Social Media, Politics and the State: Protest, Revolutions, Riots, Crime, and Policing in the Age of Facebook, Twitter and YouTube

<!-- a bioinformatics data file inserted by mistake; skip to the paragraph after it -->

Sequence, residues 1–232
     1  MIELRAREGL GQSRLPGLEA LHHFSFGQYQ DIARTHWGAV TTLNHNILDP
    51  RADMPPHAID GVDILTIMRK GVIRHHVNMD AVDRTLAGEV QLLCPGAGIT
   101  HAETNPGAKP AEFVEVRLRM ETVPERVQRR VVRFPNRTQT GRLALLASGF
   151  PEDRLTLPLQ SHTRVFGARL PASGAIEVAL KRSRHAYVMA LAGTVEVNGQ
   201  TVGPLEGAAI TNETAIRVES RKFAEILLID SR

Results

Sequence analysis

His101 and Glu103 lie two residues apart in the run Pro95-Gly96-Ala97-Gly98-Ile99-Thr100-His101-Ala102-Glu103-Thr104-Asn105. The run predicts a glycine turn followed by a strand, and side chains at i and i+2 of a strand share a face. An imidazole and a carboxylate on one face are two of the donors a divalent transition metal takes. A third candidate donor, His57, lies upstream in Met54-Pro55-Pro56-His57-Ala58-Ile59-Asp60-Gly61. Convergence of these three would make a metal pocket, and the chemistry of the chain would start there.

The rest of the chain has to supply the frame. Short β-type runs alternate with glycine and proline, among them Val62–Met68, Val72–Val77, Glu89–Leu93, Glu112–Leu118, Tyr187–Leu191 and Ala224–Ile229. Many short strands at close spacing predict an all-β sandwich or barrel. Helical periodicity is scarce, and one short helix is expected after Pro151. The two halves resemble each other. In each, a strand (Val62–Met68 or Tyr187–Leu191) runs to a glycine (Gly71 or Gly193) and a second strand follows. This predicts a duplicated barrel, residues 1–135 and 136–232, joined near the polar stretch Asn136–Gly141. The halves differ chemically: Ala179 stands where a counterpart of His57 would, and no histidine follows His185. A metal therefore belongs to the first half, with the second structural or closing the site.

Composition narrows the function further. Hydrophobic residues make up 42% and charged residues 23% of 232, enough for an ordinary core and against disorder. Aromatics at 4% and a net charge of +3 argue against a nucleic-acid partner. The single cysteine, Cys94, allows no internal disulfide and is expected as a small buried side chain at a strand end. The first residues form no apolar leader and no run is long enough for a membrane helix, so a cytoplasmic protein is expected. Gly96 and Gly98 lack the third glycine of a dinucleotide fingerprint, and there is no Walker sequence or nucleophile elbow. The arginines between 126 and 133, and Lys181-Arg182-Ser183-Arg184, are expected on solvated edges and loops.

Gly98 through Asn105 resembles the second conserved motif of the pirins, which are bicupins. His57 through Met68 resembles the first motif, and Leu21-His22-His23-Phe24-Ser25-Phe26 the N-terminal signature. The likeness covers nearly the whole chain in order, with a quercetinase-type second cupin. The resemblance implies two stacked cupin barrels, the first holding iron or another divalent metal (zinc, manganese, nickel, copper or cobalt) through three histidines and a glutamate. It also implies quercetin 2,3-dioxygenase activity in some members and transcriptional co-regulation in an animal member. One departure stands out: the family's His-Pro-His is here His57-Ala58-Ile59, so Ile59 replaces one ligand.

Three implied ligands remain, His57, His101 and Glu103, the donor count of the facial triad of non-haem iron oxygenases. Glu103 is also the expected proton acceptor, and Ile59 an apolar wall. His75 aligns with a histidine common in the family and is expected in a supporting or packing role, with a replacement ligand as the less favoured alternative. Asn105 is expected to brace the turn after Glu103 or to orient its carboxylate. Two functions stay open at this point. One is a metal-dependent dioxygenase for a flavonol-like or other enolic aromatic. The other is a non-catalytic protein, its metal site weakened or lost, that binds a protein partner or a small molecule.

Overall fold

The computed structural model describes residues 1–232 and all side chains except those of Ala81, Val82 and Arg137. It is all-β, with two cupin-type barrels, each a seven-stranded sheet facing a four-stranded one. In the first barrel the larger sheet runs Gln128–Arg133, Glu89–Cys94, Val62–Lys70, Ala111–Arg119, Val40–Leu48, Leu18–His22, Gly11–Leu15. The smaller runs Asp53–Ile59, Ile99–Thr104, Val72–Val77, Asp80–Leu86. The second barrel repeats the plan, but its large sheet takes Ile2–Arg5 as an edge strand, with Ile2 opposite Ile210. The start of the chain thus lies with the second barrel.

110 In this chapter, we examine the strategic use of social media by GD, focusing on the ways it attempts to legitimise its social imaginaries, tactics, strategies and reality constructions, taking advantage of the social turbulence that austerity politics and neo- liberal restructuring have brought since late 2009. While GD‘s public legitimisation has been closely interweaving with established state power, manifested in its close relation and frequent collaboration with police forces, its political vision is also distinct from the latter to the extent that it wishes to enable a constituent counter-power, aiming both to disarticulate its liberal dimensions and occupy its apparatuses. GD treats the liberal state apparatus as both a partner and an adversary to be infiltrated and subjugated. This idea of state power as being both a partner and adversary for fascist politics is associated with New Marxist approaches to fascism (Poulantzas 1970; Vajda 1976) that see fascism more as a ―relatively autonomous‖ force and an outcome of specific historical conditions and less as an ―inevitable stage‖ of capitalist development (Kitchen 2003, 58). In reverse, while liberal power often instrumentalises fascist discourse and practices in the form of an ―authoritarian governmentality‖ (Dean 2010), at specific moments— as in the case of the recent persecution of GD members in Greece — it can also explicitly denounce and suppress fascism.